In my line of work, seeing many newborns regularly, holding them, adjusting them - it really messes with my head. 

And heart.

And my ovaries.

But again, when I think about having another newborn, I quickly snap out of it (most of the time) and land back on the ground.

Reality.

This really tested me though over the summer holidays.

I took a lot of time off to be with my family, driving out to France, frolicking on the beach and ocean in the Atlantic, drinking lots of wine, and eating lots of cheese and French baguettes. 

What more could a girl want?

Yum.

Anyway, my last trip wasn't REALLY a holiday. Well, it was, but the main purpose was to help my sister.

I was her birth partner.

For those of you who have had a baby, you know that the last couple weeks of pregnancy, especially if you have a two-year-old running around, it's so exhausting.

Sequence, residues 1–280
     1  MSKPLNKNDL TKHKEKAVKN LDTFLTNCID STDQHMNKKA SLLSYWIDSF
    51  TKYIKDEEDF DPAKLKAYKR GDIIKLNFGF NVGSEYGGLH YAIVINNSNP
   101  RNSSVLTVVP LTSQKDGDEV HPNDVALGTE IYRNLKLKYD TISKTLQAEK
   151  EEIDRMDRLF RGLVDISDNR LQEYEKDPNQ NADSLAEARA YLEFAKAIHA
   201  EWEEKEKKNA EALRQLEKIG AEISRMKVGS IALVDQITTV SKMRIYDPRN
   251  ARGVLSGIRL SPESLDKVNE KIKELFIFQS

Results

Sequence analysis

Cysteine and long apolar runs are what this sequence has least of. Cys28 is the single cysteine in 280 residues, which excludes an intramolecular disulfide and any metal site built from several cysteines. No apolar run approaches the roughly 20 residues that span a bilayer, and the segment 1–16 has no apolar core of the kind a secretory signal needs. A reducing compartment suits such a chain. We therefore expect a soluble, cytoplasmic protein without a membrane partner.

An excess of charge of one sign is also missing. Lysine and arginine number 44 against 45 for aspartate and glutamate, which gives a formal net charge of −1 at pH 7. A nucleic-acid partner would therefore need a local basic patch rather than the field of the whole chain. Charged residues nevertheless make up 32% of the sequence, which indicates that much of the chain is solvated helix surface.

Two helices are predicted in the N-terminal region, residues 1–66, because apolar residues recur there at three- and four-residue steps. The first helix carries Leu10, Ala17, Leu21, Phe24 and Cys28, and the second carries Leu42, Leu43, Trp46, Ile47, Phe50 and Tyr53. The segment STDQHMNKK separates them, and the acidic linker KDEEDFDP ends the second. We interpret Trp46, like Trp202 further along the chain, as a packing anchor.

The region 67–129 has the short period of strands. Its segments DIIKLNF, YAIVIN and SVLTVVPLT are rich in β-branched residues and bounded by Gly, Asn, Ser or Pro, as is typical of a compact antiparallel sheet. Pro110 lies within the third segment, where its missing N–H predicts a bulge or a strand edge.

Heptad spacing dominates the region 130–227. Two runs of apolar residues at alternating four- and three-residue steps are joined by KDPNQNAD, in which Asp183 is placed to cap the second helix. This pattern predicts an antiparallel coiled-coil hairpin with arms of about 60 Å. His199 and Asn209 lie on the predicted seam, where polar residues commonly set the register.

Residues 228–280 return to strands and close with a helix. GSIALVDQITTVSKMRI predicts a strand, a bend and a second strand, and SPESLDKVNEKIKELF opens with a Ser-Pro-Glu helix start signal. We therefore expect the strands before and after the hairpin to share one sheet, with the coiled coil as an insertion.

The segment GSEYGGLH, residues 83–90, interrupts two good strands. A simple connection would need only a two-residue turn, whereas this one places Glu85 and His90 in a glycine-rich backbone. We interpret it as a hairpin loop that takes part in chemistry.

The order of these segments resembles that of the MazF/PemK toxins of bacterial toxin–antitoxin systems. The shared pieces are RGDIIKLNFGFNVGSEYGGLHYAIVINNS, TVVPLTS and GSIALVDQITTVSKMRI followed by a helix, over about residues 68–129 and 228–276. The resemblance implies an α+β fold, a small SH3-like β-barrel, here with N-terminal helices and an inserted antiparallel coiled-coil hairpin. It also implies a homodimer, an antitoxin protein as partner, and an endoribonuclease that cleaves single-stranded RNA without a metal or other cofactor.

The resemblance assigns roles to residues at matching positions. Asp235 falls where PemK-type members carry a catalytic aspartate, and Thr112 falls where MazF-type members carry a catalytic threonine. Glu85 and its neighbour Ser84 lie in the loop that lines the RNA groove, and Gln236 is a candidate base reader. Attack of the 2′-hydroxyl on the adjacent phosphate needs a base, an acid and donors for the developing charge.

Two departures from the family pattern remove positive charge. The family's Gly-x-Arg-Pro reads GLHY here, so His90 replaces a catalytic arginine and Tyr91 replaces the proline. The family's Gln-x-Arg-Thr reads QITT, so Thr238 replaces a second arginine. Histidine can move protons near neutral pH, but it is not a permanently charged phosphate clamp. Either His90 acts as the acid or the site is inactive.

Just take my word for it.

So I was there to help out my sister at the end of her pregnancy while we waited for her to go into labour.

And just as I predicated, she went into labour in the middle of my stay with her. 

Very convenient.

And she went into labour at a very sensible hour right after we all woke up in the morning.

Labour was quick, easy-peasy, and she gave birth to healthy hefty baby boy.

Then I finally got to hold him.

After all that time waiting!

And then the broodiness kicked in.

Oh boy.

He was so delicious to hold and snuggle with. 

Newborns are magical.

One of the most common things we think about when holding a brand new baby, just a couple hours old, is trying to comprehend that this baby was JUST inside another human being living and growing.

That never ceases to amaze me.